Divorce and Grandparents

When couples dissolve their relationship, there are extended family members who do not want to lose their relationships with the children. Why should children have to lose those family members they have bonded with and love?  At the grandparent phase of life, you may be  taking stock of where you have been, what you have done and what’s really important.  Maybe you are on the last leg of your journey and more focused on the basics, being connected to others, especially your family.  What could be more important than children?

Chances are you celebrated when your children found the person they wanted to share their life and start a family, providing you with grandchildren.  Love at first sight and ever after!  From their first cuddly days to tottering about, then talking, entertaining and adorable, always interesting.  We’ve all seen many pictures of and heard stories about grandchildren by doting grandparents.  As grandchildren mature, many have a special relationship, confiding in their parent’s parents, experiencing them as a safe haven when things are tense at home.

Why then, when there is a divorce, deprive children of those close relationships as their household, as they knew it, is dissolving?  The security and continuity of talking with and/or seeing grandparents can be soothing and supportive as parents struggle with coming apart.

In a contentious divorce, extended family may be brought into the fray, creating two sides.  Children then have to navigate between both sides of their family, perhaps hearing negative comments about one of their parents.  Or, they may not even be able to see  grandparents as the battle wages.  When parents are engaged in divorce war, children suffer immeasurably.  Their world feels turned upside down and they don’t know when it will end or what else will happen.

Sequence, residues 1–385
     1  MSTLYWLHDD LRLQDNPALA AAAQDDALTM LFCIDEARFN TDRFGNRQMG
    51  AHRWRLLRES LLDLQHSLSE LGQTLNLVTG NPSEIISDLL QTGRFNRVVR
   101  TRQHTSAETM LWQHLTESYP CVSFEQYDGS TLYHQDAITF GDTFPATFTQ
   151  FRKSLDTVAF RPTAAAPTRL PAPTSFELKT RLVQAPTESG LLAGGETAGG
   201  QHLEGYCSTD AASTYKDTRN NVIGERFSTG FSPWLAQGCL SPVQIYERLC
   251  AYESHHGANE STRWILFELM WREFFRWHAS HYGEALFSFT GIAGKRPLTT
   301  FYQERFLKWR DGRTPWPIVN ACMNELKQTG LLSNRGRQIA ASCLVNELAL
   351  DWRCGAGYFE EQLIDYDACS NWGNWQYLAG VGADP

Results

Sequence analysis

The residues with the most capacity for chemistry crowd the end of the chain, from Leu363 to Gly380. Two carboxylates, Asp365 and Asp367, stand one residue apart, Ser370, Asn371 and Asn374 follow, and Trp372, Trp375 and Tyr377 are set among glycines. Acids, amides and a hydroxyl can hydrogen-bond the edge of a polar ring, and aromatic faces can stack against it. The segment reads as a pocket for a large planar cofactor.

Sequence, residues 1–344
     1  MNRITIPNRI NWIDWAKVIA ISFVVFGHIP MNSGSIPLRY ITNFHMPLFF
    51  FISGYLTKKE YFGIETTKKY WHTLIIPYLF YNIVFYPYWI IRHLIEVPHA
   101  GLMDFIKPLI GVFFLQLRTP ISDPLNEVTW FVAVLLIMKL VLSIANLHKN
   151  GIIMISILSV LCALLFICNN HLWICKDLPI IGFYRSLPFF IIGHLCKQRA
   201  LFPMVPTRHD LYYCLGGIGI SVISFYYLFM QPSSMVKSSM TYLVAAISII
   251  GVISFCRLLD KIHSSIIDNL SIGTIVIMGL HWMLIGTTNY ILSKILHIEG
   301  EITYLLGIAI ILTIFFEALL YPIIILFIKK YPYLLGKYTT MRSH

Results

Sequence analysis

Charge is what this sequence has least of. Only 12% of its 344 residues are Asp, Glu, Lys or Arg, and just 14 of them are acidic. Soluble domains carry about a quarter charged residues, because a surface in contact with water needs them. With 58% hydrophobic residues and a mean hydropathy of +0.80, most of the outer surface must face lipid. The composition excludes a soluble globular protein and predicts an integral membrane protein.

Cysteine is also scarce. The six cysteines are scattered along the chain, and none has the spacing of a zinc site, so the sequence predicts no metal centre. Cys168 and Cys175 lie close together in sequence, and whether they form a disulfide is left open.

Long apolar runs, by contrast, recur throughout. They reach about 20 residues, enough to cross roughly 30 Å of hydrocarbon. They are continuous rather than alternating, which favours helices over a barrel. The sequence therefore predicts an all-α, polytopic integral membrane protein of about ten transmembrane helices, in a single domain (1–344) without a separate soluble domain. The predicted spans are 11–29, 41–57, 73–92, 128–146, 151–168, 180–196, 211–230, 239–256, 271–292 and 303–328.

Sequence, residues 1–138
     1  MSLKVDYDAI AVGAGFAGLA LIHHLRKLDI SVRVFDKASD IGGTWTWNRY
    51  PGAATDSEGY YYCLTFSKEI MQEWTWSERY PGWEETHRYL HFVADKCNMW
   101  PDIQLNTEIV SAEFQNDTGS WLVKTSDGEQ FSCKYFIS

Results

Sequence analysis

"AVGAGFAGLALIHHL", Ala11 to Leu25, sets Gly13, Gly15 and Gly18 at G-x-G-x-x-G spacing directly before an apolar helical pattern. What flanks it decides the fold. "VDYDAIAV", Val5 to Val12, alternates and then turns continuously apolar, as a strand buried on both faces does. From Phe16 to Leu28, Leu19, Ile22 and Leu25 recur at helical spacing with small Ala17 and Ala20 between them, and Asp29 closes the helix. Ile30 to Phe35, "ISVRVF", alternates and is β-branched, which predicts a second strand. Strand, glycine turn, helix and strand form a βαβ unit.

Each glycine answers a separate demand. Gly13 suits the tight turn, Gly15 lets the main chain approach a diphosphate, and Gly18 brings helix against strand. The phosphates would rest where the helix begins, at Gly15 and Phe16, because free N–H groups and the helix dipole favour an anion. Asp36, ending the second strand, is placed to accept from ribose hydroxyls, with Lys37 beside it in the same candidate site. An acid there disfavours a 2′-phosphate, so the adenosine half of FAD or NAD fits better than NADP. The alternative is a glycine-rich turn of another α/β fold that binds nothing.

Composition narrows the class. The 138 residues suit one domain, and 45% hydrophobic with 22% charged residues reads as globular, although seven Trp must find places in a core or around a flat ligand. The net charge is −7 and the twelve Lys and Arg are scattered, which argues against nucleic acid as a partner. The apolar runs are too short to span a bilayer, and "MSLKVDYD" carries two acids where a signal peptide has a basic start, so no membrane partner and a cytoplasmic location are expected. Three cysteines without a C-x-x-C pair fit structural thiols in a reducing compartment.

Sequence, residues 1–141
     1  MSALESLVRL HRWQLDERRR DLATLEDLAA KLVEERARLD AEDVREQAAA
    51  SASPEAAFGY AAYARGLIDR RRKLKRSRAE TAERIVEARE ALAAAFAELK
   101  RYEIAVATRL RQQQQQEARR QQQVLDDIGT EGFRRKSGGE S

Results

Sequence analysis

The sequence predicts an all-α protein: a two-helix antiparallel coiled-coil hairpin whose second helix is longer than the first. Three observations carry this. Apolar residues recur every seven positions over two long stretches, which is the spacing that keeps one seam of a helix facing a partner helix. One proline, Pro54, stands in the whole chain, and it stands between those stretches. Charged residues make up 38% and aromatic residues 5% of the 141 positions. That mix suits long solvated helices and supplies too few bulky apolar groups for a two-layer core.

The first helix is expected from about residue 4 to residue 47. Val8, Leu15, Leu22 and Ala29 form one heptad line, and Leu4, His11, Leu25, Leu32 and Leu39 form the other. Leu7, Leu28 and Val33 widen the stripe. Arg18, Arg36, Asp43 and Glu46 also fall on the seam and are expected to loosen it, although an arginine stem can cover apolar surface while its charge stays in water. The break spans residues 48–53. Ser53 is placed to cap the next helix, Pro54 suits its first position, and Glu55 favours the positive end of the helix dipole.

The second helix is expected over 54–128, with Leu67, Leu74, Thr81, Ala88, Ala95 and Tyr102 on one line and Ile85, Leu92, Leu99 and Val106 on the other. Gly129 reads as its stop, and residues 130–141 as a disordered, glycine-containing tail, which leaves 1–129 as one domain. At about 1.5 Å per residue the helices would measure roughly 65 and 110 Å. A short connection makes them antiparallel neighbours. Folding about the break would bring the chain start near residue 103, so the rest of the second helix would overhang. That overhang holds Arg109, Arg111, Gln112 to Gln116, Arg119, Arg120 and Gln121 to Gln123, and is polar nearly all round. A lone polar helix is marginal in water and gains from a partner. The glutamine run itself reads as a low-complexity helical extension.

Grandparents need to stay out of the negativity, supporting your child by being helpful but not engaging in verbally bashing the children’s other parent.  You can offer  sage, neutral, advice and assure them that things will settle down and life will go on.  Grandparents can serve as a safety net as children’s parents seem to be teetering on a high wire.

When there is a respectful dissolution of a relationship, or divorce, parents tend to recognize and appreciate what their own [and their spouse/partner’s] parents can provide to them and their children.  Grandparents are a valuable resource, in fact, priceless.